Nov 11. Italy and Jefferson County, AL

The trading floor is closed for US rate products, screens are open.  Equities were able to stage a rebound as Italian yields fell from well above 7%.  The market was roiled early by S&P saying France was on review for a downgrade, (which they subsequently said was erroneous). 
–Ten yr treasury yield rose back above 2% to 205, as the 30 year bond auction was a bit sloppy.  The eurodollar curve steepened but red/green pack spread is still only 39 bps.  November eurodollar options expire today.
–I was skimming an article on Reuters about Jefferson County, AL declaring bankruptcy on debt related to sewer bonds of $3.14 Bln.  You might think that a county in Alabama is a long way from Italy, but there are likely some parallels.  In any event, I started to think, how can a sewer system in a county with population of 660,000 have over $3B is sewer debt?  That’s $4750 per person! (where per capita income is $20892).  The article went on to say that JPM worked feverishly (the article didn’t really say “feverishly”, I just thought that word captured the essence of JP’s efforts) to avoid bankruptcy, WAIVING $647 MILLION IN FEES!  That’s nearly $1000 per capita!!  “Tell ya what JP, you can have the sewer and everything in it, and we’ll call it square.”  Now I don’t mean to say that I really have all the details on this story, and I know there was fraud and corruption and jail time for public officials, but REALLY?  Almost makes the missing $600 million to $1 billion thus far associated with MF look quaint.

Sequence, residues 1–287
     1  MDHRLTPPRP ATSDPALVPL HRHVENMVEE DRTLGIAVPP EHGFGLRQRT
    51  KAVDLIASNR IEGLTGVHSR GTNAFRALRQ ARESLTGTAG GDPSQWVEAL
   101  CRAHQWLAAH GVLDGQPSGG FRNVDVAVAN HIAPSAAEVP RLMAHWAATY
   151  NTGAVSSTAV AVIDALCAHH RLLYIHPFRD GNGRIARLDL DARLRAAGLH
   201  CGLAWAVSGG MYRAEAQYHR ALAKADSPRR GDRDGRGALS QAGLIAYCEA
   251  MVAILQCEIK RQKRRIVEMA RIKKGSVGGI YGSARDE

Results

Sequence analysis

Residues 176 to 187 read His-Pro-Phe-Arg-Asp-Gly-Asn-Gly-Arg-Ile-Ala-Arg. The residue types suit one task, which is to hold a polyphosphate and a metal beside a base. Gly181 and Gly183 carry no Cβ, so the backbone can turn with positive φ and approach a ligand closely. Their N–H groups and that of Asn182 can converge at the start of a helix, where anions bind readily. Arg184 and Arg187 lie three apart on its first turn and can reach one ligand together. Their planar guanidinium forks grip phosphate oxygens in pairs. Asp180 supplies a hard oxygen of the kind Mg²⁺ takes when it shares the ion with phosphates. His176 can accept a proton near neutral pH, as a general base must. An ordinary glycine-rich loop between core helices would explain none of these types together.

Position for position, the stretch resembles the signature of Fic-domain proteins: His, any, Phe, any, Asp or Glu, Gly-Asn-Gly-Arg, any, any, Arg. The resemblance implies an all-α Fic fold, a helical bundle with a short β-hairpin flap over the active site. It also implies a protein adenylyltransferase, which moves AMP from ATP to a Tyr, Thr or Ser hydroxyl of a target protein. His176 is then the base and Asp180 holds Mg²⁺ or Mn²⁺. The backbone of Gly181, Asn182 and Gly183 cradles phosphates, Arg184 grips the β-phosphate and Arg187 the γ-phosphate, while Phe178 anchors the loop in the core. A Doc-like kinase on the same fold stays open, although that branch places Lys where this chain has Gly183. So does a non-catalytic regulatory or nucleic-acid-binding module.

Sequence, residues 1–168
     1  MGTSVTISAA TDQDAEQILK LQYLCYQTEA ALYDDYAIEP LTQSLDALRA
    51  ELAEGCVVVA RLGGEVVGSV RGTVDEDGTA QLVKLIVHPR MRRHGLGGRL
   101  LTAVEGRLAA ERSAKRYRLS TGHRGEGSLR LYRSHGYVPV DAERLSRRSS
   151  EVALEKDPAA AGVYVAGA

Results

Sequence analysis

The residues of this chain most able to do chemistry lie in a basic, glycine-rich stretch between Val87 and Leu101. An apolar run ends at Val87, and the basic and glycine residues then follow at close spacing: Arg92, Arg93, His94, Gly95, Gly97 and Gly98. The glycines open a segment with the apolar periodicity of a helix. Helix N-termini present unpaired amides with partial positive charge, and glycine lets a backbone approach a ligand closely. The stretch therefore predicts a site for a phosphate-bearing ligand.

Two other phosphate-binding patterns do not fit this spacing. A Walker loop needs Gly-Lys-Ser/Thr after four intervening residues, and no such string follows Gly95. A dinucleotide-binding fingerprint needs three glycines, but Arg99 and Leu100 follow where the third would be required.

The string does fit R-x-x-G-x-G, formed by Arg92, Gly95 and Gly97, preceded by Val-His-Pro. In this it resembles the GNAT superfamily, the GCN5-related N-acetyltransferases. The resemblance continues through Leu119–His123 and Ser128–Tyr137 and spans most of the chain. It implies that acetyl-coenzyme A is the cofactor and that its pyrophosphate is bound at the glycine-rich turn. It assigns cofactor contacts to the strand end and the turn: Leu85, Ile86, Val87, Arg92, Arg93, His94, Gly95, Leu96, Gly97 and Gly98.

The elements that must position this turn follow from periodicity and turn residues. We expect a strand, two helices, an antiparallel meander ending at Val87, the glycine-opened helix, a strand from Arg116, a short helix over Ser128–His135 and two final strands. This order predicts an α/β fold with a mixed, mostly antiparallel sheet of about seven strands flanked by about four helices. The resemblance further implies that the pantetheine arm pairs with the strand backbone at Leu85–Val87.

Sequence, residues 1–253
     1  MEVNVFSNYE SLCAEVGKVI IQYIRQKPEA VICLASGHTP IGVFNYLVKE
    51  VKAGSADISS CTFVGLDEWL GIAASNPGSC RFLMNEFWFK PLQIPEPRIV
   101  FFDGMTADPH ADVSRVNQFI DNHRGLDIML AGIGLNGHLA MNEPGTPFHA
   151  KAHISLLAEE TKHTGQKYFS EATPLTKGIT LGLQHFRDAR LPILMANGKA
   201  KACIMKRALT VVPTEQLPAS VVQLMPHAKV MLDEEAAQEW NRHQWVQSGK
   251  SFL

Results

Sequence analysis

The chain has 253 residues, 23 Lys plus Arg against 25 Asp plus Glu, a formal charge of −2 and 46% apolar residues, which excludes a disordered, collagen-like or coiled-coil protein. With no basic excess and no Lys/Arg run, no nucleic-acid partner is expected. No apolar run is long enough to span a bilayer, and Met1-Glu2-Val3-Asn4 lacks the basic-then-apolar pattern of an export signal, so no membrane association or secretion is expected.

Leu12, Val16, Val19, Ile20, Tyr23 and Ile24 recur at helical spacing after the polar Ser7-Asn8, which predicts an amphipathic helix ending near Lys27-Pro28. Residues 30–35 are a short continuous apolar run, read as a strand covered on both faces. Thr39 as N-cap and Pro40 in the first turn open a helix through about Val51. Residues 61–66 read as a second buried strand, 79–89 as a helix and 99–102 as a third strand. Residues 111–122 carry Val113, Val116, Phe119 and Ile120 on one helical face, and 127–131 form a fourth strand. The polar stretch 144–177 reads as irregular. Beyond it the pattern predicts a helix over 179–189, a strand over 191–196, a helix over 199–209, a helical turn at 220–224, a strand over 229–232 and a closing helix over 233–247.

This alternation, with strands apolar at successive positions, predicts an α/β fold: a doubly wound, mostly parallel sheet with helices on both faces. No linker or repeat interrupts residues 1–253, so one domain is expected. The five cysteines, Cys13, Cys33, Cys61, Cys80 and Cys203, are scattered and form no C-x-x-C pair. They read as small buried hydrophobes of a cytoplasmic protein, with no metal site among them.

–Now back to Italy.  Italy/Germany ten year spread declined from over 550 to just above 500. (Maybe yesterday was the final blowout of MF’s Italy position and the market just wanted to extract a small fee for providing “liquidity”).   But the fact is that Italian banks are stuck with Italian debt, which is more or less being funded by the ECB.  Which is to say that the ECB, or Germany and France, own the Italian banks (and the Greek banks, etc).  And the small political gesture of Bini Smaghi’s resignation to allow for France to name a replacement at the ECB doesn’t change things.  I guess that’s why a triple A rated country like France can urge a lesser credit like the USA to help out. 
–The tide has rolled out, in Alabama, at MF, in Greece, and in Italy.  The erosion begins at the margin, both financially and in the trust of financial institutions, and then in all institutional architecture.  Roll Tide.

Posted on November 21, 2011 at 12:36 pm by alexmanzara · Permalink
In: Eurodollar Options

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